Emmy Ellis is the author of several detective series set in the north of England, and her current genre is gangland, in London. She has five children and resides in Nottinghamshire with her husband and youngest daughter. Her day job is editor and cover artist. When she isn't writing, editing, or creating art, she reads crime thrillers.

All Those Lies by Emmy Ellis


Detective Inspector Tracy Collier has a past she's convinced she can sweep under the carpet. There's a killer out there, though, who's out to prove her theory wrong. A body turning up, gutted and dressed to appear homeless, is the killer's calling card to lure Tracy into a world where she has to face her fears.

It's uncomfortable, being forced to meet her demons again, and she fights to keep the secrets locked away—but a therapist is determined to pull every single one of them out into the open, and Tracy is compelled to relive her younger years in vivid detail.

Who is killing these people—and why? Who seems to want to bring Tracy to her knees, sending her back to a place she vowed never to return?

And who wants her to admit to all those lies?


Meet Detective Tracy Collier as she tracks down a killer in Emmy Ellis's 'All Those Lies.' Collier told herself the past didn't matter, but she was wrong. – Marissa Farrar



  • "All in all, a great series opener which really did hit the ground running and, with the way things wrapped up, you know that there will be some really great fallout to be had from subsequent books."

    – Amazon Review
  • "There is a particular scene that gave me a real churning in the pit of my stomach - exactly what I expect of a good crime novel. If it doesn't get me in the gut, then it isn't good."

    – Amazon Review
  • "All Those Lies is a brilliant piece of crime fiction. As a murder mystery fan, I'm usually good at picking up on plot twists, but I didn't see the end coming at all!"

    – Amazon Review



Despite the recent rain, the sun was out in full force, its rays creating a slanted rectangle on the concrete floor of the barn just inside the doorway. The light showcased bits of ancient hay, a couple of muddy footprints, and a few cigarette butts that appeared to have been discarded in the last century they were that dried out. They reminded Tracy of crumpled finger bones with faded beige tips. She shuddered, taking a closer peek to ensure they really were just cigarette butts then, satisfied nothing sinister was afoot there, faced Damon.

"Watch you don't tread on those footprints," she said. Why she'd said it, she didn't know—Damon was proficient in police protocol. Force of habit, then, so she never got hauled over the coals for cocking up on the job?

He sighed. "Yes, ma'am."

"You know I can't help it," she said.

"I know."

She inhaled another deep breath. Stared straight ahead at the victim. Blimey, it was similar to last week. Guts on display, draping out of a body that had been strung up from one of four rafters still somehow firmly in place. A huge hole gaped in the roof to the left, and the sun found its way in there, too, casting a jagged shape on a bale of hay below and a rusty pitchfork propped against it.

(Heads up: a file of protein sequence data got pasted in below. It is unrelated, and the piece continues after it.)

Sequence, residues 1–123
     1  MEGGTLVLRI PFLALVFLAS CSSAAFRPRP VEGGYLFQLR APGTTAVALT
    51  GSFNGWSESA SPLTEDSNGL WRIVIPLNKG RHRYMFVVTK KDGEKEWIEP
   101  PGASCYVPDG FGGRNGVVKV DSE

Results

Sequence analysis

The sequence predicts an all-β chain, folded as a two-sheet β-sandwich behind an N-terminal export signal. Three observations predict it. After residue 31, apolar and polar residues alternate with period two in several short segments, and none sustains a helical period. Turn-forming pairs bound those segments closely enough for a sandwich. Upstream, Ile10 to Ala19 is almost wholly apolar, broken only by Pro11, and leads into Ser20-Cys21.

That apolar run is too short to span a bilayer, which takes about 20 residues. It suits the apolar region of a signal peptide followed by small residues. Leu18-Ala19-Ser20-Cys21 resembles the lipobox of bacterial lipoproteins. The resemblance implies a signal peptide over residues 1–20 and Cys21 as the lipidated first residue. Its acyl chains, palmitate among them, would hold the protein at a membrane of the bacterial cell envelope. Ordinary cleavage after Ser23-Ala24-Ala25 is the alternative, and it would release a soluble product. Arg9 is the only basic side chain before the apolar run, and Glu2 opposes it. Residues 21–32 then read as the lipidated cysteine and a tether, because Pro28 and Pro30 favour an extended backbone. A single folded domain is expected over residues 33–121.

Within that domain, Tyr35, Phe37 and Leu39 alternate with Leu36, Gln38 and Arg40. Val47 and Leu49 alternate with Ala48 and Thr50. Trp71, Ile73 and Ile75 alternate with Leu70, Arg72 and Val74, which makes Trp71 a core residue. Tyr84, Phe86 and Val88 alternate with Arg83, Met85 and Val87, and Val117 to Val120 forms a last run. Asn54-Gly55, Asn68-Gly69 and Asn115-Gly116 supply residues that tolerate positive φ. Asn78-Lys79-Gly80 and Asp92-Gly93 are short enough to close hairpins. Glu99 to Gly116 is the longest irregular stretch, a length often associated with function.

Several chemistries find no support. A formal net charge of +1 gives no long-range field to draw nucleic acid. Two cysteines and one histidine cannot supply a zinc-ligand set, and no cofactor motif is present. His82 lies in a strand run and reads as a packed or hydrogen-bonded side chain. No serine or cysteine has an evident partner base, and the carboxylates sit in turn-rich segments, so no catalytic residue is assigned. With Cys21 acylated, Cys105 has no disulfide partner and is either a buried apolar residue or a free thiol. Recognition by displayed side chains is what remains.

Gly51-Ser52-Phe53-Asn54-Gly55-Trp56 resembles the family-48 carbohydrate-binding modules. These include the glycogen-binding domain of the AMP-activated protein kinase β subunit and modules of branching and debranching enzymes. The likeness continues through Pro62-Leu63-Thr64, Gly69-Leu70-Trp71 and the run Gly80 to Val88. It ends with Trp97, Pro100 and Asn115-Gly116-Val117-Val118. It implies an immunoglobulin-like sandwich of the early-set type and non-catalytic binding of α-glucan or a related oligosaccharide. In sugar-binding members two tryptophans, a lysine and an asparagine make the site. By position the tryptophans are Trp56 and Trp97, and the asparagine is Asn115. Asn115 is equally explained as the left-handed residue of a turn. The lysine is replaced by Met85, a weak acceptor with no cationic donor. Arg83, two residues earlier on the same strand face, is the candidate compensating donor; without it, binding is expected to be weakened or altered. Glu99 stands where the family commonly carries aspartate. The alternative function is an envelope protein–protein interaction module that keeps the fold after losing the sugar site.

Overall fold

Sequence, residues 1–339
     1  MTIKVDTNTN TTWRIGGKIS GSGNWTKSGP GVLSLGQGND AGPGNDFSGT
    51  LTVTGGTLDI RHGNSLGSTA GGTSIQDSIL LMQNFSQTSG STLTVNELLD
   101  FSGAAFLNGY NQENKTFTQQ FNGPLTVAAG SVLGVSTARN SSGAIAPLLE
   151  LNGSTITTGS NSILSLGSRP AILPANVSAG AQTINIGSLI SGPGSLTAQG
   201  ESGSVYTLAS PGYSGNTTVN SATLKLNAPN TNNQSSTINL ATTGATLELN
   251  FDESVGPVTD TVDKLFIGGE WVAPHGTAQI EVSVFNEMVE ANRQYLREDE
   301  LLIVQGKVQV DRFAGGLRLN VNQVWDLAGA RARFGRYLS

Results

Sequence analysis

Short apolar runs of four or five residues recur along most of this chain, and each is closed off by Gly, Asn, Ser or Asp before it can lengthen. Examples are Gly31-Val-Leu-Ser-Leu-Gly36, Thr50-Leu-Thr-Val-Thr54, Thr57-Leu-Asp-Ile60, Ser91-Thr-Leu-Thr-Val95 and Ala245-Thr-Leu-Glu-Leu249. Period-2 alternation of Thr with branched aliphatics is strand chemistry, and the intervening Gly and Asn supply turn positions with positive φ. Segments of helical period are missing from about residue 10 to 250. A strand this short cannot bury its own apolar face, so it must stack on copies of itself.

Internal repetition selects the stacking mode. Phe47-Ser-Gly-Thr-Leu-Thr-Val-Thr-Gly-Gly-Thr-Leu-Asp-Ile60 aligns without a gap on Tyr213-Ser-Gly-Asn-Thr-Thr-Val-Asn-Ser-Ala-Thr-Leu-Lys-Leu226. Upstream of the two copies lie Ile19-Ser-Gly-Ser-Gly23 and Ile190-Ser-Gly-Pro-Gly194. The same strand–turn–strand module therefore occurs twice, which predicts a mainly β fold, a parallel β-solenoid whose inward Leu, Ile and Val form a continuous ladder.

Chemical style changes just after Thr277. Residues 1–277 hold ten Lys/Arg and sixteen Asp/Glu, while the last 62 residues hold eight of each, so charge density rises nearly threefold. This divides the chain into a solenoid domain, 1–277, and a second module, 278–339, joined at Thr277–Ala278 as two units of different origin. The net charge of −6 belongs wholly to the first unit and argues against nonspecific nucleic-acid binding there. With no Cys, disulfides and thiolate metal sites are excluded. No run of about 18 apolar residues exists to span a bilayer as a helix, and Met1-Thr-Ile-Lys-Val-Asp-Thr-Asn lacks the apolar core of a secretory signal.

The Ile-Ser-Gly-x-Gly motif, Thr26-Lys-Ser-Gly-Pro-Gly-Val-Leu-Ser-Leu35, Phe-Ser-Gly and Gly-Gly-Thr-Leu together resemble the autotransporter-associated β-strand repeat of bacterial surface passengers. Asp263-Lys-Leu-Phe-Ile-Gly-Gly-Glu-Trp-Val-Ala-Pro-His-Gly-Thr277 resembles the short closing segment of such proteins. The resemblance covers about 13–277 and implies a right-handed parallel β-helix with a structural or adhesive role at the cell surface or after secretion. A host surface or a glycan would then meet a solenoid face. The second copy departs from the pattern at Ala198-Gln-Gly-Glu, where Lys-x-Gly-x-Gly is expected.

A drying puddle of blood glared at her from beneath the victim's feet, which were about a metre or so off the floor. A lump barged into Tracy's throat. His shoes… Worn out, they were, coated in blood, mud, and with holes in the toes. No wonder the deceased had been assumed homeless.

She lifted her gaze and couldn't tell if he had been truly destitute or whether his appearance had been made to look this way, what with his hair matted with blood, his face streaked with it, his ragged clothing, too. But that clothing—it seemed deliberately wrecked, like someone had slashed at his burgundy shirt and black jeans. Maybe he'd been someone down on his luck and hadn't been able to afford new shoes.

"Fucking hell…" Damon sounded out of breath. Panicked.

"Go away for a minute or two, will you?" she said.

The last thing she needed was to be worrying about him. Maybe she shouldn't have brought him after all. Everyone had lapses of judgement from time to time. In her case, she'd made the wrong call for the first eighteen years of her life.

Damon retched somewhere behind her.

Bloody marvellous.

She blew out a forceful stream of air and resumed her perusal of the body. This poor sod might have a family somewhere. Were they worried yet? Had they filed a missing person report already? She couldn't even officially check his pockets—not until Kathy and her team had arrived, photos of him in situ had been taken, then the sometimes lengthy wait for the body to be taken down had been performed.

Not officially, no.

Damon had stopped heaving, so she swivelled to check how he was doing. Pale-cheeked, he was shaking, eyes closed, face tilted to the ceiling. He was going through it, then, the shock, the distress, his mind probably working overtime as he tried to process his thoughts and feelings. If he joined her at enough body dump sites, he'd find it got easier as time went by. Her sheltering him from these visuals wasn't doing him any favours, so yes, she had done the right thing in bringing him out here today.